Archive for the ‘Thought Leadership’ Category
The 24-hour news cycle has given us many gifts (some good, some… less so), but one that is extremely useful to the PR world is a continued need for experts or interesting points of view when a major story breaks. Becoming involved in a breaking news story can be an excellent opportunity to gather wide exposure for your organization and reinforce to the public what it is that you do best. Consider this: every time a reporter calls you an expert, he’ll have to explain why. If the reason is rooted in your work, the resulting publicity can have far-reaching rewards.
But there are always pros and cons. Before delving into the fray, you need to make sure you are doing it for the right reasons. Here are four questions to ask yourself.
In a random act of Googling last night, I was searching on PR firms and I stumbled on a bunch of Quora and Google+ discussions where entrepreneurs were asking a simple question: how do I choose a PR firm? The answers to these questions were many, all with the same common theme largely from journalists — you can do PR yourself. Forget the agency. Just get to know the press you need and reach out yourself. This argument is not new to me or to the PR community. But we often just sit back and let journalists air their grievances with PR firms — after all, journalists are our clients too. It will come as no surprise that I am on the other side of this argument in most cases (although not always). But for good reasons.
Last month, as I was trawling Twitter, I experienced one of those moments of truth that often lead to a blog post. “Stop the Madness! Why do we spam the crap out of each other #CRE?” It was an excellent question from @TenantAdvisor. His screenshot (above) showed a whole bunch of emails from the real estate world; no doubt property listings or announcements about recent transactions.
This is especially true in the brokerage community, where deal flow means everything, competition is fierce, and an old-school approach to marketing is pervasive. But when everyone else is doing lead generation the same way, namely by email and even cold calls or printed fliers, it is simply not effective, as I explained in a previous post.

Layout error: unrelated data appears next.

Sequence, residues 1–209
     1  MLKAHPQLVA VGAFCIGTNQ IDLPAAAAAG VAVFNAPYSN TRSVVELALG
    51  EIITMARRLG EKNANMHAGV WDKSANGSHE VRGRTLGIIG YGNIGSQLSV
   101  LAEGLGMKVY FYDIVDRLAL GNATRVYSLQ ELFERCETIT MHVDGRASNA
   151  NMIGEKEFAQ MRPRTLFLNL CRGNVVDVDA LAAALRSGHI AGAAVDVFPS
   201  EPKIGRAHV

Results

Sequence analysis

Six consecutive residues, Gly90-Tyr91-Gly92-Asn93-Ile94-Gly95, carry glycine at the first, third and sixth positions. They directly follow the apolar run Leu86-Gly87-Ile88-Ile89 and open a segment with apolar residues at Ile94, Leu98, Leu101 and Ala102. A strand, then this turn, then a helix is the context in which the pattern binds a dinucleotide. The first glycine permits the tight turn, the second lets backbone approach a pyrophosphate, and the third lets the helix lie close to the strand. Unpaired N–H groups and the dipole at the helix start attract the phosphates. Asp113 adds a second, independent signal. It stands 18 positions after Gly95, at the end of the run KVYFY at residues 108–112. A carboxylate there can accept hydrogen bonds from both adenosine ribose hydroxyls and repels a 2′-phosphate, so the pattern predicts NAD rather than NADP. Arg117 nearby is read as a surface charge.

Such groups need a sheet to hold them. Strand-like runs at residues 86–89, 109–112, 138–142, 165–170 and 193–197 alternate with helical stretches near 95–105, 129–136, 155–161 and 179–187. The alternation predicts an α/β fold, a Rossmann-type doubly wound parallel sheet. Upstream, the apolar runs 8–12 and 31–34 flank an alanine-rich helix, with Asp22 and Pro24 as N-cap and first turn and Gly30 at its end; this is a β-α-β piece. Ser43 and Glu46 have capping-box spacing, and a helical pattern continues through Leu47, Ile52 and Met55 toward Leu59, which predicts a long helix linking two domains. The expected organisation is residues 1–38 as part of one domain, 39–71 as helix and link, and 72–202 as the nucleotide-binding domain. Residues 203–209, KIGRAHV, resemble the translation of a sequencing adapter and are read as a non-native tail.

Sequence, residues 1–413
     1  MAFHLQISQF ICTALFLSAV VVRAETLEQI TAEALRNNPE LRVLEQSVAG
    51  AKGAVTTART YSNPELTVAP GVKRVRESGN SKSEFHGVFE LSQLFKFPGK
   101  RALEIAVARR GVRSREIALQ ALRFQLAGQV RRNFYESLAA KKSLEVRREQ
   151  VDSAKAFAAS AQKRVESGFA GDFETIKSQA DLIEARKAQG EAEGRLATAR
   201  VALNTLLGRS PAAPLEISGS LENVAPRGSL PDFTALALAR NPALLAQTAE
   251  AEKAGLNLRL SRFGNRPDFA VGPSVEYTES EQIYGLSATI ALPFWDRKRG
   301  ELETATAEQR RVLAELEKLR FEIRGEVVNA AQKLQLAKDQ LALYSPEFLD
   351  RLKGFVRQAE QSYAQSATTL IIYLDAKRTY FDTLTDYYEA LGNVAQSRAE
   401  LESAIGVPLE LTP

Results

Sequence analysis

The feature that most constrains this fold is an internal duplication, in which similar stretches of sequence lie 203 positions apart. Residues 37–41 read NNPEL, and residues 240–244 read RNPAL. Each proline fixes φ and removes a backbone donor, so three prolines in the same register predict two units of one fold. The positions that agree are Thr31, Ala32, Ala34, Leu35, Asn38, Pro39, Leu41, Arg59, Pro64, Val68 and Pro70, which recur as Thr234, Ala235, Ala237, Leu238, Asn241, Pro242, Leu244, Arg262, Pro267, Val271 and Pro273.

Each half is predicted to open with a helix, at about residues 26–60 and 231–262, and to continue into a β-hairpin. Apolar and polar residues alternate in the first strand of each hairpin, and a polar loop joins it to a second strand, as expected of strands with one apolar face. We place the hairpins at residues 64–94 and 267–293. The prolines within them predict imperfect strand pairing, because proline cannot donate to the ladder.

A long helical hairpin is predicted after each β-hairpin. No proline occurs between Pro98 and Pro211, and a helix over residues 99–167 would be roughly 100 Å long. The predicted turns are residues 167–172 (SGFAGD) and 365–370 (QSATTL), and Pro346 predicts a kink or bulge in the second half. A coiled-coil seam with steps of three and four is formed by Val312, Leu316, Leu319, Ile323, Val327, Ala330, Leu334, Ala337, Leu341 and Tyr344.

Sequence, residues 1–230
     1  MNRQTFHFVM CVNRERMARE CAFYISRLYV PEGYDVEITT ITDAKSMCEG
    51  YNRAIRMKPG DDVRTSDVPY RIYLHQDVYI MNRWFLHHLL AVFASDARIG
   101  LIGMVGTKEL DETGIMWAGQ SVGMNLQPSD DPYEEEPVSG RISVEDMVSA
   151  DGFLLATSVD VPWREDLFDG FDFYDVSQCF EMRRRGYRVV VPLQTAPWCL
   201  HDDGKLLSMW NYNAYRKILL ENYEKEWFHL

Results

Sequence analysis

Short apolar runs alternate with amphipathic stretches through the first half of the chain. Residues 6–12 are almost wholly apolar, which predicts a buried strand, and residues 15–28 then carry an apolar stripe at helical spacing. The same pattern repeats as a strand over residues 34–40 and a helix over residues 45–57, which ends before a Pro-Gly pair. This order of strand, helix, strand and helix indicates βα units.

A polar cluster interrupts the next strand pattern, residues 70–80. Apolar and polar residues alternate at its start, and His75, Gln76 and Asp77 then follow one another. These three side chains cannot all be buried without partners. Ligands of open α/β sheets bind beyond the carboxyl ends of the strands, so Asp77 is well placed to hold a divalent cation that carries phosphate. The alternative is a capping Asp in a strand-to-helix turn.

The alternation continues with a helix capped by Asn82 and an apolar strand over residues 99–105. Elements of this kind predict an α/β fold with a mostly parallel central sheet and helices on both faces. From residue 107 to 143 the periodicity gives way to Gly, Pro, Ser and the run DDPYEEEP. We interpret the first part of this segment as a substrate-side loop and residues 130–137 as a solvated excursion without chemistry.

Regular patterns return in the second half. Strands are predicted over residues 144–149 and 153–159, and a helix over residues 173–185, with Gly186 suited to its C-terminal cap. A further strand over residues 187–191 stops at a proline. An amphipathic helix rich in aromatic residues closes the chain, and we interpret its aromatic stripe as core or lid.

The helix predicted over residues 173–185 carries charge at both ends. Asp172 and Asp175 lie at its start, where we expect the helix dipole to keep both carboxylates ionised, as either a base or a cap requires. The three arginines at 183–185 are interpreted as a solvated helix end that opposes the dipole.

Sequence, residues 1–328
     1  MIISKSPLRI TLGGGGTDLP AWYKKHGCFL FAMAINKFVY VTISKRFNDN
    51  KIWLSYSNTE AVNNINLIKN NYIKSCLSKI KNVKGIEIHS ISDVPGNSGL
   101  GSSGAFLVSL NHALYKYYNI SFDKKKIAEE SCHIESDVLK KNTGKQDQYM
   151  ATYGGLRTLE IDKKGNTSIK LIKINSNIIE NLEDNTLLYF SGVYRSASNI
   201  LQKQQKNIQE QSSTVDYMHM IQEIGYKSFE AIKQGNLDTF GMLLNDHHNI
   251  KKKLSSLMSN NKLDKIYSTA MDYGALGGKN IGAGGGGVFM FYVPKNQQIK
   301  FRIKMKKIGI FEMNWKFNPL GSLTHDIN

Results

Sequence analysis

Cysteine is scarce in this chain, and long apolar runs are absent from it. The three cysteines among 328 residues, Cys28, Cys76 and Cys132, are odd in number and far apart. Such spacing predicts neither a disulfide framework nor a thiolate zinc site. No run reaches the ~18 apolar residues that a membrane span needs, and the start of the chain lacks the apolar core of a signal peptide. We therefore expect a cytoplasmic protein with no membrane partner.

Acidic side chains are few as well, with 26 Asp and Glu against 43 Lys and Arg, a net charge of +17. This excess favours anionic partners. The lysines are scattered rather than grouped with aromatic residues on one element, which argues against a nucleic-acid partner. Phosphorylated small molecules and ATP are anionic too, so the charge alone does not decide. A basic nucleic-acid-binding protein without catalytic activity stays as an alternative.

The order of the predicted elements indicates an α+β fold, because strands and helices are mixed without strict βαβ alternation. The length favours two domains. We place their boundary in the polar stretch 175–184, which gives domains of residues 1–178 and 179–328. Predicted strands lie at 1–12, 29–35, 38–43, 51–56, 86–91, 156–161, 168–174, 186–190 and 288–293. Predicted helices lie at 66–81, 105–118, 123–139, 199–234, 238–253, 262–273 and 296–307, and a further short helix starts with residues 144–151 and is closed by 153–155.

The numbers are astounding: Approximately 4,400 apartment and condominium units are under construction in Boston, Cambridge, and Somerville, according to my friend Paul McMorrow, who did the math. But that number is only half of what is in the pipeline in the same geography. From Jackson Square, to Downtown Crossing, the Seaport to Northpoint and Assembly Square, that’s a lot of housing – and it’s a lot to hit the market within a relatively short time period, making the competition for consumer mind-share fierce among developers.
But first, who’s going to live there? Since all of these units are urban, and quite a few will be super-small “micro units,” it’s clear that developers are targeting Millennials, also known as Echo Boomers. There are about 80 million of this cohort in the U.S. Born between 1980 and 1995, they’re the largest population group since the Baby Boomers.
One of my colleagues likes to say that the euphoria one experiences during a highly successful PR launch, is like being a kid on Christmas morning. There are very few things that make us jump up and down with the same enthusiasm as, say, a child who gets a puppy from Santa. But for public relations professionals, a top-tier media hit that delights a client is one of those things. Launching a successful social media campaign is one of those things. Landing a speaking engagement at a key conference is one of those things. Yet as any elf knows, a whole lot of effort goes in to making the holidays bright. Our office equivalent is the strategic planning that goes in to creating success in the year ahead.
Why should people care about your viewpoint? This is the question that PR must answer before embarking on any campaign.
Last week, I had the opportunity to blog about three of the core areas shaping PR for PR Week. The first was thought leadership – it’s more than having a unique point of view. Yes, it must be unique, but it also must be rooted in authority and tie back to your organization’s objectives. As I wrote, “Done properly, thought leadership stimulates demand for companies’ products and services by teaching the industry about what is needed and what the future will require.”
Almost everyone in the commercial real estate sector approaches marketing and PR the same way: collateral materials with buildings bathed in sunshine; interviews with trade journals; market overview presentations over coffee and bagels.
They also issue press releases about deals, which the press rarely cares about unless it is a big one – and even then, writers typically want an exclusive. I was recently having lunch with a reporter who covers commercial real estate and we were discussing this. He animatedly pulled out his Blackberry and showed me an email from that day about a small lease deal from a commercial broker. “Why would anyone bother to send me that?” he asked. Of course, being in PR, I understand that brokers, REITS and developers like to show momentum however they can. And I told the reporter this. But we both agreed that there are more creative ways to do this.
My Facebook feed this week has been buzzing with Chick-fil-A updates. There was the viral letter that Boston Mayor Thomas M. Menino wrote to the restaurant chain’s President Dan Cathy saying Chick-fil-A was not welcome to open a store in the city because of its stance against same-sex marriage. And then there were these photos below, posted by different friends; each shows a brand—Sarah Palin and KFC —taking advantage of the media firestorm to get some attention for themselves.
This got me thinking: when is it ok to be opportunistic, piggybacking on an issue in the media? When is it not? And what are the do’s and don’ts?
Do be opportunistic if: